10 Simple Ways to Futureproof Our Cities
We are all waking up to the fact that the world we live in is changing very fast. Technology, business and social structures are rapidly evolving to meet new challenges. But cities are slow to respond. They take time to plan, finance and construct. And by the time they are built they are already out of date. In fact, using past metrics to plan future development is appearing to be a redundant model and a very costly one at that. Akin to businesses, we need to adjust the ongoing planning of our cities to an unknown, but very different future, to provide shock absorbers to change and to flexibly align our development thinking to that unknown future. It’s important that a new vision of much better living places than we have at present acts to guide us however and that we understand the urgent need to throw out the business-as-usual planning approaches that have brought us to this rather desperate point.
OUR NEED TO CHANGE
OUT WITH THE OLD IN WITH THE NEW
TEN SIMPLE FUTUREPROOFING STRATEGIES
Barry Wilson is a Landscape Architect, urbanist and university lecturer. His practice, Barry Wilson Project Initiatives, has been tackling urbanisation issues in Hong Kong and China for over 20 years. (www.initiatives.com.hk).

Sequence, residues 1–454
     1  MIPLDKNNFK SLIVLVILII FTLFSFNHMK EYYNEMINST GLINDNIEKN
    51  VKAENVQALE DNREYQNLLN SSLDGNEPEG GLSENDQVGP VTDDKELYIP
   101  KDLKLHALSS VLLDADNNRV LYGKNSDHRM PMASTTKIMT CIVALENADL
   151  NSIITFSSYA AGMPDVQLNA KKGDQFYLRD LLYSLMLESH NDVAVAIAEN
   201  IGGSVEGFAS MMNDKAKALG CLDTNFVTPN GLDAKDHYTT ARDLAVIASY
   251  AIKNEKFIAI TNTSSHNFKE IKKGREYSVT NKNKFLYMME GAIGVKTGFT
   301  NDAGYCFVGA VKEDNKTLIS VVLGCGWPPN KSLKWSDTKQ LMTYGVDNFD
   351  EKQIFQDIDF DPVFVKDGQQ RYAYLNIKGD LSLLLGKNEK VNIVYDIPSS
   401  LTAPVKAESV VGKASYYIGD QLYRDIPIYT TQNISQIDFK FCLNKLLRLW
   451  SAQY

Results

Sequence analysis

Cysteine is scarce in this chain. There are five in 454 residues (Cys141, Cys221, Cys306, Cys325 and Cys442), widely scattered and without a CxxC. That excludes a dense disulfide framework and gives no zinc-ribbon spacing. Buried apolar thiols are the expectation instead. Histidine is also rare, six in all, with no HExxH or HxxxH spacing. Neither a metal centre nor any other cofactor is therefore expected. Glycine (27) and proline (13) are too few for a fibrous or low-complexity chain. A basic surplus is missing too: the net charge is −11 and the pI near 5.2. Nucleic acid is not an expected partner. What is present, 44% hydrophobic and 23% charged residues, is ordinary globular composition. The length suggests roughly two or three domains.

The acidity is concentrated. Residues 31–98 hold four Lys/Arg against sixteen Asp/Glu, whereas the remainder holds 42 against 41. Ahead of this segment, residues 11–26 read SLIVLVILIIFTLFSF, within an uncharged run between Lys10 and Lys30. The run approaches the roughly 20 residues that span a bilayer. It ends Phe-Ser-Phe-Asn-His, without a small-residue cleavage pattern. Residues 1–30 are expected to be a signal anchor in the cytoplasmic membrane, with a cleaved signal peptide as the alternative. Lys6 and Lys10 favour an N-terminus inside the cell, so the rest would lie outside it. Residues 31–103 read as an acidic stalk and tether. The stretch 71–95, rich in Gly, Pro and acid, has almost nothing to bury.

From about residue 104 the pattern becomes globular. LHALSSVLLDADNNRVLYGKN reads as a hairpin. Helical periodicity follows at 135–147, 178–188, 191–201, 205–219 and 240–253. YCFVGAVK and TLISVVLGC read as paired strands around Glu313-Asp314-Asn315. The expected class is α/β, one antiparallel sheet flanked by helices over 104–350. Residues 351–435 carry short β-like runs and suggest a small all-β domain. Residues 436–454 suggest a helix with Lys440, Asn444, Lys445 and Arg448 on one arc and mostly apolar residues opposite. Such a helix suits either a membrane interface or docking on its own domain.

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What is the New Urban Agenda?
It is an outcome document agreed upon from the Habitat III cities conference in Quito, Ecuador, in October 2016. It is intended to guide the urbanisation efforts of nations, cities and regional leaders, as well as international development funders, United Nations programmes and civil society.
Why is the New Urban Agenda Important?
Its intention is to strongly guide how our world changes over the next 20 years. Inevitably, it will also lay the groundwork for policies and approaches that will extend, and impact, far into the future.
What does the New Urban Agenda cover?
It seeks to create a mutually reinforcing relationship between urbanisation and development, whereby they work in tandem towards more sustainable development.
It offers guidelines on a range of “enablers” that can further cement the relationship between urbanization and sustainable development. When implemented, they result in better outcomes for patterns of land use, how a city is formed and how resources are managed.
The three key operational enablers are referred to as the “three-legged” approach:
What priorities guide the New Urban Agenda?
The world majority has now become urbanised, lending extra urgency to the New Urban Agenda. Core issues of adequate housing and sustainable human settlement are the focus as the number of people worldwide living in urban slums continues to grow.
There is also an increasing recognition that cities have morphed into mega-regions, urban corridors and city-regions whose economic, social and political geographies defy traditional conceptions of the “city” and have become the major drivers of national economies.
What are the key factors of the New Urban
Key importance on figuring out how to set up a global monitoring mechanism to track all of these issues and concerns.